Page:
Hey, did you ever want to hear a song inspired by a Peanuts B-plot where Snoopy imagines himself as a World War I pilot fighting the Red Baron? Well, that’s what we got from the Royal Guardsmen (yes, that is the band’s name, as silly as it is) and it’s called Snoopy vs. The Red Baron. As the title implies, the song is about the conflict between Snoopy and the Red Baron. A cartoon dog in a flying doghouse against a German pilot in World War I. This is some dumb shit even for novelty hits from the 60s. This is fine for a cartoon, but not for a song playing on the radio or being number 2 on the charts. Get this mess out of here. And this wouldn’t be the last time the Royal Guardsmen would make a song based around Snoopy. There’s also The Return Of The Red Baron, Snoopy’s Christmas, Snoopy For President, and Snoopy vs. Osama. Just milking that cow until it’s dry now, huh?
On the contrary, don’t let it all hang out. Keep it in your pants. Please. Anyways, this is the Hombres, a band from Memphis who are not Hispanic in any way and have only one hit song in Let It Out (Let It All Hang Out). It’s another crappy novelty song made to waste time, especially with an intro like that. After that, we get some dull rock instrumentation and the lead singer barely singing as he’s monologuing about random shit. It’s not engaging, it’s really stupid and nothing of value came from it. It’s just a nothing song. Next.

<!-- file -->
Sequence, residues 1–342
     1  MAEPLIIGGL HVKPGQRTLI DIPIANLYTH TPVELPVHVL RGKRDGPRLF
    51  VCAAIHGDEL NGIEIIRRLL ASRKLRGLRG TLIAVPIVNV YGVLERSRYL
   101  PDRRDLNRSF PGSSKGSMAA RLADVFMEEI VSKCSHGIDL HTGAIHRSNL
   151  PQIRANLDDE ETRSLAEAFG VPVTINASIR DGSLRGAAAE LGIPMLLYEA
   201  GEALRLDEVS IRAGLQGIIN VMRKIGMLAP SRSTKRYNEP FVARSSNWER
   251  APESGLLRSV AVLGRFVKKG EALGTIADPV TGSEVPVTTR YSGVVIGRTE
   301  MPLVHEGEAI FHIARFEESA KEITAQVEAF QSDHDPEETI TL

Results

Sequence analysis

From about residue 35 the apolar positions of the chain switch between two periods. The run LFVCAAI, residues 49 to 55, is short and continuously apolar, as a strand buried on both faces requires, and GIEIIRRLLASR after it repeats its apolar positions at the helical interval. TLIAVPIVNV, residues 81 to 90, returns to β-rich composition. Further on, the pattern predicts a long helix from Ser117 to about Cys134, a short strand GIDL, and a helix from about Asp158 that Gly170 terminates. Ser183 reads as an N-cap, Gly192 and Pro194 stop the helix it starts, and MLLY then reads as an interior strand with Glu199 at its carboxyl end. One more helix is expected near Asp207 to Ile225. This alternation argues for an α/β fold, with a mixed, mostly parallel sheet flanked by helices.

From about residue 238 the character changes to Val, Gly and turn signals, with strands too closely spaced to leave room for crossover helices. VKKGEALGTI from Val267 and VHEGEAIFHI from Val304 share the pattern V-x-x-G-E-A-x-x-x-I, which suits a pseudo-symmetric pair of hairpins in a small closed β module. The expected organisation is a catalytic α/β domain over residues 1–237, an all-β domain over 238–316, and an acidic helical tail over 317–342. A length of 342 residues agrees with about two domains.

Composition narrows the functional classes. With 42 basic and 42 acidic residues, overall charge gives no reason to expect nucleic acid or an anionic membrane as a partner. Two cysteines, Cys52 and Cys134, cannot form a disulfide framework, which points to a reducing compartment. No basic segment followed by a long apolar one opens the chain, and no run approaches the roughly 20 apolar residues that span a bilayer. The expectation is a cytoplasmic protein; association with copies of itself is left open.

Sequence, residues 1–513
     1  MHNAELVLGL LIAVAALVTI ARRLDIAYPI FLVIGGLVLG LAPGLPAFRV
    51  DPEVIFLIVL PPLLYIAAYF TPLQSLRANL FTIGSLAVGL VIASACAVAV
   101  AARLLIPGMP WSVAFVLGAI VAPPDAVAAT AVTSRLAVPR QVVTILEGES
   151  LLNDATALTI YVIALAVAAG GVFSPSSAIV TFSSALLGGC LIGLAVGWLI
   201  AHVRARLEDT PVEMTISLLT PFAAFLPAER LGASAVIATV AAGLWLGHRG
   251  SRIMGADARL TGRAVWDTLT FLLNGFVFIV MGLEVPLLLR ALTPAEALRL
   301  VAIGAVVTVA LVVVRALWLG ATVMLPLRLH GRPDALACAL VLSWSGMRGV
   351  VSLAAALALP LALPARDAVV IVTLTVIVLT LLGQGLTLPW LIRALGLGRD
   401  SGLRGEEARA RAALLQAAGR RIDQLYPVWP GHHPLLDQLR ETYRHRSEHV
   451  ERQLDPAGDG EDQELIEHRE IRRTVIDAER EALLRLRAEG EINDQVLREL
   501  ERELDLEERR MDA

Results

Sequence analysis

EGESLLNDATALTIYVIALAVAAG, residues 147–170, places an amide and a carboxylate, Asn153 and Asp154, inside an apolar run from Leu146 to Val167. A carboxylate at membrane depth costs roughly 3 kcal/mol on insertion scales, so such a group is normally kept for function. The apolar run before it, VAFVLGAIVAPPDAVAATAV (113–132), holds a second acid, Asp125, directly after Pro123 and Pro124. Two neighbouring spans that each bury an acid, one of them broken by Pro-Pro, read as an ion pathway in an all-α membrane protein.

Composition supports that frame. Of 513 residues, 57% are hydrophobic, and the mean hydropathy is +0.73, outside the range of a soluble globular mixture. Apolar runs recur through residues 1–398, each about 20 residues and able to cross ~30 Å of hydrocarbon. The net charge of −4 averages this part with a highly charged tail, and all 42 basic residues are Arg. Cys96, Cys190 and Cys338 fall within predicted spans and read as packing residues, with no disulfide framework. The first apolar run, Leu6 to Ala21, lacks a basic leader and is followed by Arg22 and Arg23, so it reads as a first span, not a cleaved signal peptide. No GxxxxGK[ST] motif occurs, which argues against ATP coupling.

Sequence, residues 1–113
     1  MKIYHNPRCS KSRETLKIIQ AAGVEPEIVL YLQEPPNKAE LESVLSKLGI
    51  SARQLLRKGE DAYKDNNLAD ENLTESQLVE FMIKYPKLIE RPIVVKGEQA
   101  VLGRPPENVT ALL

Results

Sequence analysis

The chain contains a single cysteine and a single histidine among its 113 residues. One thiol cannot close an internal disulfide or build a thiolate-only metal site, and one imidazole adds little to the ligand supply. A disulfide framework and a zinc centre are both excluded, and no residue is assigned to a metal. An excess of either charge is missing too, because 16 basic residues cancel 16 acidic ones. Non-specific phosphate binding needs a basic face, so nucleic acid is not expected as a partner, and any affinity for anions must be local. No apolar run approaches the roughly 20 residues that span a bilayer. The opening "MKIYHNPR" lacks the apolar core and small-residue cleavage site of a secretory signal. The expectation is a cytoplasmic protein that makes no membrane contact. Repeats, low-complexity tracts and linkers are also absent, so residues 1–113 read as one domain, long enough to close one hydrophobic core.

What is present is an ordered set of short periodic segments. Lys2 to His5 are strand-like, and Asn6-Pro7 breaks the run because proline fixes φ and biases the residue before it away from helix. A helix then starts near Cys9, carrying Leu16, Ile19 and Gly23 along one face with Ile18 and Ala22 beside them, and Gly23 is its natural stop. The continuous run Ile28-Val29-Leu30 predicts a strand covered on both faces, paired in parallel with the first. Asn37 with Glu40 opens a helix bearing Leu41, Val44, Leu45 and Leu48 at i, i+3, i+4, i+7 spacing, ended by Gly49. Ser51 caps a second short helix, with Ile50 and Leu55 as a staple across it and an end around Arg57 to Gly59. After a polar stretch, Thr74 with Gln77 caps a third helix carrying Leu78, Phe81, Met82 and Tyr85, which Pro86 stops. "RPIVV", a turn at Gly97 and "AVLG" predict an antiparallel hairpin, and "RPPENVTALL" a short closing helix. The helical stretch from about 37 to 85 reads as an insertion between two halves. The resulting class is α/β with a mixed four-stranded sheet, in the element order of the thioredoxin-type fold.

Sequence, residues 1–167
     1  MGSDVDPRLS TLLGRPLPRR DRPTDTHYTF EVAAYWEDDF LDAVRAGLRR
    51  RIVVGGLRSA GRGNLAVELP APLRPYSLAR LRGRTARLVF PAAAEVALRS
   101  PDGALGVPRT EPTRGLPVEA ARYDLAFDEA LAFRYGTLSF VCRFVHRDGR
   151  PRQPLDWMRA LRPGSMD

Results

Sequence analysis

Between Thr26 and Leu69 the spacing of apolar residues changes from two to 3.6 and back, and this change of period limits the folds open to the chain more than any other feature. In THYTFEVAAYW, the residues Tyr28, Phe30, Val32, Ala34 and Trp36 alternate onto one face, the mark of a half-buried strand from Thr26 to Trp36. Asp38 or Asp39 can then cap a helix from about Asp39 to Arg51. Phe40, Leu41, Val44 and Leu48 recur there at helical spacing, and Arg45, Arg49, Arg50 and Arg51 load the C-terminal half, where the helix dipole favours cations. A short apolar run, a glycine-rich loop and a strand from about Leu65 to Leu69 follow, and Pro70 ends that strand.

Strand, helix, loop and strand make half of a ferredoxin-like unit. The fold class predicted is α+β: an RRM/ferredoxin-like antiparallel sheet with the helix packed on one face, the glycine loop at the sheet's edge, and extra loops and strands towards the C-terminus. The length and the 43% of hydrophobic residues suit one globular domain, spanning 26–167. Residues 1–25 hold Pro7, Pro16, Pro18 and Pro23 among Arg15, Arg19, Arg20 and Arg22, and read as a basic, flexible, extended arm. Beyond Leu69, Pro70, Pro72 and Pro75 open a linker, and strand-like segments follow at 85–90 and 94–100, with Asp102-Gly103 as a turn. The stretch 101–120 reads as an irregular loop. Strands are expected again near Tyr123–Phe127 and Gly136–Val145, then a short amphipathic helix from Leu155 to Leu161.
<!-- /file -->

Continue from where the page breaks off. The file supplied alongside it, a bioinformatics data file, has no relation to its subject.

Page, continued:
For the second time in a row, Sandy Posey makes the Worst list for another awful song. This time, it’s I Take It Back. Aside from being boring and sloppy at transiting tempos, Posey is trying to break up with her boyfriend, but when he gets emotional, she goes “just kidding” and backtracks what she said. And this happens more than once. Even if there was no malicious intent in her actions, this woman is playing with this dude’s emotions and that could backfire severely. Make a choice. Do you want to break up or not? And this is the final thing she says on the song.
Sometimes it’s better to be loved, than it is to love
That’s the most pseudo-deep bullshit quote I’ve ever heard. It’s better to be loved than it is to love. That sounds like some shit Drake would have came up with. Next song.
You know, I just realized something. I’m not a fan of family members doing love songs together, especially if they’re the opposite sex. It always gives off a weird and creepy vibe that doesn’t need to exist. Take, for example, Somethin’ Stupid, a duet that Frank Sinatra did with his daughter Nancy. Mind you that this is a cover to Something Stupid, a duet from Carson And Gaile a year prior, who were also husband and wife. So remember that when you hear this love song being performed by a father and daughter.
But then I think I’ll wait until the evening gets late and I’m alone with you
The time is right, your perfume fills my head, the stars get red and, oh, the night’s so blue
I mean, it’s well-performed, but there’s so many icky implications coming out of this song. Did no one think about how this would come out during this time? I didn’t like it when they did this with Donny and Marie Osmond, I don’t like it here.